Uganda is a country in East Africa. It is bordered to the east by Kenya, to the north by South Sudan, to the west by the Democratic Republic of the Congo, to the southwest by Rwanda, and to the south by Tanzania. Famously called the Pearl of Africa by Winston Churchill, it is home to one of the most diverse and concentrated ranges of African fauna including the highly endangered mountain gorilla and the endangered common chimpanzee.
What you need to know about Uganda
During Uganda’s era of British colonialism, settlement by Europeans was not allowed, and today there are few Caucasians in Uganda. The term for whites is muzungu (plural wazungu or bazungu), and non-African visitors should get used to hearing the word shouted out by children in every corner of the country. It is not a derogatory term, but originates from a Swahili word meaning ‘looking dizzy or confused and wandering about aimlessly’ as the first white people did when they first arrived in East Africa. Generally the word muzungu refers to a white person but it can be anyone who is not Ugandan. Even visiting Ugandans (from the diaspora) are called the term on occasion. You can choose to ignore it, or wave back, depending on the situation.
Uganda is accessible and affordable, but not up to the high tourism standards of more mature destinations such as Kenya or Tanzania or South Africa. This gives it more edge, more authenticity and less predictability. This does not mean danger (but see Stay Safe section below), rather greater opportunities for delight and frustration. This is real Africa, the urban bustle of Kampala bursting at the seams then giving way to lush subsistence farming and small villages. Roads are rough (although many across the country are being upgraded), people are friendly, everything seems to have a smell all its own, and not everything moves according to schedule or to plan.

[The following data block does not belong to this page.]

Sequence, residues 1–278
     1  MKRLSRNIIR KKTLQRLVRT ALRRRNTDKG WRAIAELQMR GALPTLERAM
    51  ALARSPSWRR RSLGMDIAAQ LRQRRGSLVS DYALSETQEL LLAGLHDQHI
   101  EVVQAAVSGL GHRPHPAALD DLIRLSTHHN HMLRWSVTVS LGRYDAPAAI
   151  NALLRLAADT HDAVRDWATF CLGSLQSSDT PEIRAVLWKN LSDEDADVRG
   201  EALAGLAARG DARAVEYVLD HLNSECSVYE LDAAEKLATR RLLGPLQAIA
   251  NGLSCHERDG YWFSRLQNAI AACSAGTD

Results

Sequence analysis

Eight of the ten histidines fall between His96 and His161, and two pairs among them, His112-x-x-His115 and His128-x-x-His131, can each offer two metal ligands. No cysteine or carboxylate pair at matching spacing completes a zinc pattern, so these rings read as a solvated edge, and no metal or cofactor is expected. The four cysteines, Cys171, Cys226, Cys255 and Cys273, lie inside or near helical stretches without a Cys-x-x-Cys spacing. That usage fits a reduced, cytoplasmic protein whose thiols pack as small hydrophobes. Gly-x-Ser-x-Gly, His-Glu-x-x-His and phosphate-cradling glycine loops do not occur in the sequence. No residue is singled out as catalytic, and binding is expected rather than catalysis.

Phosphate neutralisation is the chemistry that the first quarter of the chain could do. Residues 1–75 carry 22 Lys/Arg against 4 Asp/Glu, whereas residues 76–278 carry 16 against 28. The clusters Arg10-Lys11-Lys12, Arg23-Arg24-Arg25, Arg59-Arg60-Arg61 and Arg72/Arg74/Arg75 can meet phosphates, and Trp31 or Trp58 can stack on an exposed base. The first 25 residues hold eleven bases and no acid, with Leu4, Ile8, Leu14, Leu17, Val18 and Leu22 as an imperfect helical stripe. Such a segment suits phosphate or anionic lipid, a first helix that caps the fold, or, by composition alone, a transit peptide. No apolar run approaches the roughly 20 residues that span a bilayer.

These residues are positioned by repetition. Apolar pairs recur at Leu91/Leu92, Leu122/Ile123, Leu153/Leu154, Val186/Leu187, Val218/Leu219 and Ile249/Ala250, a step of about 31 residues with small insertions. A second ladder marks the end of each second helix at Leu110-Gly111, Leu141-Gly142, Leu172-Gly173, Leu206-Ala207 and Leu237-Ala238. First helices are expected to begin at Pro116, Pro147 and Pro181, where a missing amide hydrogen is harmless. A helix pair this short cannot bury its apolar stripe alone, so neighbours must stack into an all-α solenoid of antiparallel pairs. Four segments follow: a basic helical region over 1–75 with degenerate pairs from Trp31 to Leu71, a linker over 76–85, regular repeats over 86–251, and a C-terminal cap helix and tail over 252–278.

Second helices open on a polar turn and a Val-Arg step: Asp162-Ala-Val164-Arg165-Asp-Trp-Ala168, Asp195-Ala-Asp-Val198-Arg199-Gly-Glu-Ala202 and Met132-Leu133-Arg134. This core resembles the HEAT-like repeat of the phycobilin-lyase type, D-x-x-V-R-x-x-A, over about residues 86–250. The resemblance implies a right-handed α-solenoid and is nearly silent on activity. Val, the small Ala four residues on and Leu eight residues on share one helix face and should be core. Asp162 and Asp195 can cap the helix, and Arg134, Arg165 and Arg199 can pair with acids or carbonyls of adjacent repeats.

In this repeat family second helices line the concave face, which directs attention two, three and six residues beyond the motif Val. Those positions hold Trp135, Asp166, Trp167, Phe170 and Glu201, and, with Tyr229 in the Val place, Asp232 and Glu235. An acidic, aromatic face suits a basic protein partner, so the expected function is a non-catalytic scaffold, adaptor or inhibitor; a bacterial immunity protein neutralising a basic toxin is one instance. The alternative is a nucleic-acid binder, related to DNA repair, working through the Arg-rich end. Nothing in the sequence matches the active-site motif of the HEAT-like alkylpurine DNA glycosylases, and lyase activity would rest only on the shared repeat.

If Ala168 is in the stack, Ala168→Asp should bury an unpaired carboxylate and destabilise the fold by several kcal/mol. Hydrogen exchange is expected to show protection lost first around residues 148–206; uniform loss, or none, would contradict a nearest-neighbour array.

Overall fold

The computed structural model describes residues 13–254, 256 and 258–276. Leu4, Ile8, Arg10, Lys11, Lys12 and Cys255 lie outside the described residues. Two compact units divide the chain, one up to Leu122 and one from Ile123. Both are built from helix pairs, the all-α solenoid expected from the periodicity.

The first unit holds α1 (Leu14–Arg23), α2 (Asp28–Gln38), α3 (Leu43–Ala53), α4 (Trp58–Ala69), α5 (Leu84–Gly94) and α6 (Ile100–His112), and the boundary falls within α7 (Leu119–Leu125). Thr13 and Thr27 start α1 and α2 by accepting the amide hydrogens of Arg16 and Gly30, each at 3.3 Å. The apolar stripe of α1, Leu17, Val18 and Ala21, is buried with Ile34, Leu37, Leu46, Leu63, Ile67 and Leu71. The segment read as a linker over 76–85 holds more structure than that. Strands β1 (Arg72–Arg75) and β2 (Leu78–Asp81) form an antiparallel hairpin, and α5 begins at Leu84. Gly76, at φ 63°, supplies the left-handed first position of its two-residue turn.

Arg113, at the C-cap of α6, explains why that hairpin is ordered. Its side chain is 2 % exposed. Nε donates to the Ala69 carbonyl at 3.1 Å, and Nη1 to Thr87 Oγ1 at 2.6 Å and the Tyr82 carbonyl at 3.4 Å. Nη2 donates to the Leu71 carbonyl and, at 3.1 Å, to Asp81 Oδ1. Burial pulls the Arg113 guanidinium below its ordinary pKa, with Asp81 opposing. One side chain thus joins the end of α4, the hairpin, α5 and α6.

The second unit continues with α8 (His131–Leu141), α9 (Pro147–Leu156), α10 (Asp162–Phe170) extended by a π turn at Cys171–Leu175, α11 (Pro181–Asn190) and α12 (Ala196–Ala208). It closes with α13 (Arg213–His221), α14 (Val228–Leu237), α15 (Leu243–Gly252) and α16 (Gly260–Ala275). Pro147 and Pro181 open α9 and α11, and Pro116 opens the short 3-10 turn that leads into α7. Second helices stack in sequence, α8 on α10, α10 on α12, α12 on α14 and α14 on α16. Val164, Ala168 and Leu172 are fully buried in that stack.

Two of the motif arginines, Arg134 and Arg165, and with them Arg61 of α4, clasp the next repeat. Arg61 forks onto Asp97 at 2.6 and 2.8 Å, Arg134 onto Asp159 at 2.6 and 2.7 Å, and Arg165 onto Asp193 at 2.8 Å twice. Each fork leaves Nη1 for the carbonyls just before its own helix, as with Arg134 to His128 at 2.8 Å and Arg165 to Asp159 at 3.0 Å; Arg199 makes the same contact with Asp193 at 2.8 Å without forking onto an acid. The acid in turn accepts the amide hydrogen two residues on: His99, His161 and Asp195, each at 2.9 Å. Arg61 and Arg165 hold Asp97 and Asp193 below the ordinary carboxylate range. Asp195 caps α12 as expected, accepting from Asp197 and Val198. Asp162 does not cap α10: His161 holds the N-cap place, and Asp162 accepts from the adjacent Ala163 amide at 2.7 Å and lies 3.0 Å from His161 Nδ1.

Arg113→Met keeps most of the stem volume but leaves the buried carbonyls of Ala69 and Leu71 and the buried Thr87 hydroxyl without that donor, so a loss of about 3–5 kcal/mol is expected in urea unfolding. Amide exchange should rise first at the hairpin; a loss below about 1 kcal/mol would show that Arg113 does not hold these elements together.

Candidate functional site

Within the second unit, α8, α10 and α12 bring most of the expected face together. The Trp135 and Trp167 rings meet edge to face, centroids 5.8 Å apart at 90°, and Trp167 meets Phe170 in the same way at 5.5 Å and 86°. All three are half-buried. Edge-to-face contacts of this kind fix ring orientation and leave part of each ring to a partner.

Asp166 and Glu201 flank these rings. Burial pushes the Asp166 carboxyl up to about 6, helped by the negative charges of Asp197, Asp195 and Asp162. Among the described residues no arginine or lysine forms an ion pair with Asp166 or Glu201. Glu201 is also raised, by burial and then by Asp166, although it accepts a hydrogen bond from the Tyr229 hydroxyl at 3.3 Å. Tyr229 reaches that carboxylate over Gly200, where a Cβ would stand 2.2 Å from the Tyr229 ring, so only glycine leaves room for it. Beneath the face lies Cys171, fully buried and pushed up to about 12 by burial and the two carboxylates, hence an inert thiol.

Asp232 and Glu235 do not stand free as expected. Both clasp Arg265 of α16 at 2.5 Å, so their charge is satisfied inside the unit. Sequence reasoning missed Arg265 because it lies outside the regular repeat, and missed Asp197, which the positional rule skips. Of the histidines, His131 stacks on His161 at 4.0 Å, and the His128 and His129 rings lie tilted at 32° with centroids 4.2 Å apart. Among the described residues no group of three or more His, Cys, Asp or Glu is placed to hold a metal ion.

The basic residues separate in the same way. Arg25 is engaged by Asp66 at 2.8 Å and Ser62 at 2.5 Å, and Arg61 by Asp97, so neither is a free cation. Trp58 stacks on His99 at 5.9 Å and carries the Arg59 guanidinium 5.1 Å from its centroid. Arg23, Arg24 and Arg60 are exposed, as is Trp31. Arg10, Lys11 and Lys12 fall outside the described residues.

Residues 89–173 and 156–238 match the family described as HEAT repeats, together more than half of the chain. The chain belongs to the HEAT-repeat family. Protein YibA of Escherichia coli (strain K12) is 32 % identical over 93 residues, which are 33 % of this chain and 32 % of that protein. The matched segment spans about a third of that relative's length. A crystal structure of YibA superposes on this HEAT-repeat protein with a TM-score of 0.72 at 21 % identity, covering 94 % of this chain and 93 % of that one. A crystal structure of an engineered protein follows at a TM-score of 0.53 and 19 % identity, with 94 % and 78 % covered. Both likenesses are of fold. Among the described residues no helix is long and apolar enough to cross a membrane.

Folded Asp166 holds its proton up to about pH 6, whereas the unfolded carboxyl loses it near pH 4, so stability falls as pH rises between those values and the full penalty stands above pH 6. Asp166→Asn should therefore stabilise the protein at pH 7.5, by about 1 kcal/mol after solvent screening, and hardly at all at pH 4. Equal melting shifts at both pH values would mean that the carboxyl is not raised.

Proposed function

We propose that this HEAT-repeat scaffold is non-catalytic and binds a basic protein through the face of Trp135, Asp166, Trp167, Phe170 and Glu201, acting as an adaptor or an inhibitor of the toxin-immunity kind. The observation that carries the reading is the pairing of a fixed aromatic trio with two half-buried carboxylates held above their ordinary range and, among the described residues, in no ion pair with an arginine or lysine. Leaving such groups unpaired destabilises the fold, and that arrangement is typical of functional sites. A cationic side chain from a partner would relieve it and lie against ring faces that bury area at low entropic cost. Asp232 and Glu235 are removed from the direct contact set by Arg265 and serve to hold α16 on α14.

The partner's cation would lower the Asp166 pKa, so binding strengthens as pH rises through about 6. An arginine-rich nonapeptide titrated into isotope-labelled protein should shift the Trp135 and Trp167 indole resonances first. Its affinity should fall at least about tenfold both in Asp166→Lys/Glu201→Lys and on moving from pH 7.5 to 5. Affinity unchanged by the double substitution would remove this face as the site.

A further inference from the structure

Most travelers come for the gorilla safari, but other major draws are the chimpanzees, ornithology, trekking the Ruwenzori and visiting the source of The Nile River.
Although Equatorial, the climate is not uniform as the altitude modifies the climate. Southern Uganda is wetter with rain generally spread throughout the year. At Entebbe on the northern shore of Lake Victoria, most rain falls from March to June and the November/December period. Further to the north a dry season gradually emerges; at Gulu about 120 km from the South Sudanese border, November to February is much drier than the rest of the year.
The northeastern region has the driest climate and is prone to droughts in some years. Ruwenzori in the southwest on the border with DR Congo receives heavy rain all year round. The south of the country is heavily influenced by one of the world’s biggest lakes, Lake Victoria, which contains many islands. It prevents temperatures from varying significantly and increases cloudiness and rainfall.